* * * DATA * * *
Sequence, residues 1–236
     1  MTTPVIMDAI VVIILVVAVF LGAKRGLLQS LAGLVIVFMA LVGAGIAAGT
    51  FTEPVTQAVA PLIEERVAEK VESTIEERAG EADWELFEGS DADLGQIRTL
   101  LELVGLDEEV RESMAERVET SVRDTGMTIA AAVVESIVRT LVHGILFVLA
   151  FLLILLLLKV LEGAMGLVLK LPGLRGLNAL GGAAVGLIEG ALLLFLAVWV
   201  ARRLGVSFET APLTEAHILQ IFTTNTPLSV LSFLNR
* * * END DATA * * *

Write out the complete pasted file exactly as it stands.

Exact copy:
Sequence, residues 1–236
     1  MTTPVIMDAI VVIILVVAVF LGAKRGLLQS LAGLVIVFMA LVGAGIAAGT
    51  FTEPVTQAVA PLIEERVAEK VESTIEERAG EADWELFEGS DADLGQIRTL
   101  LELVGLDEEV RESMAERVET SVRDTGMTIA AAVVESIVRT LVHGILFVLA
   151  FLLILLLLKV LEGAMGLVLK LPGLRGLNAL GGAAVGLIEG ALLLFLAVWV
   201  ARRLGVSFET APLTEAHILQ IFTTNTPLSV LSFLNR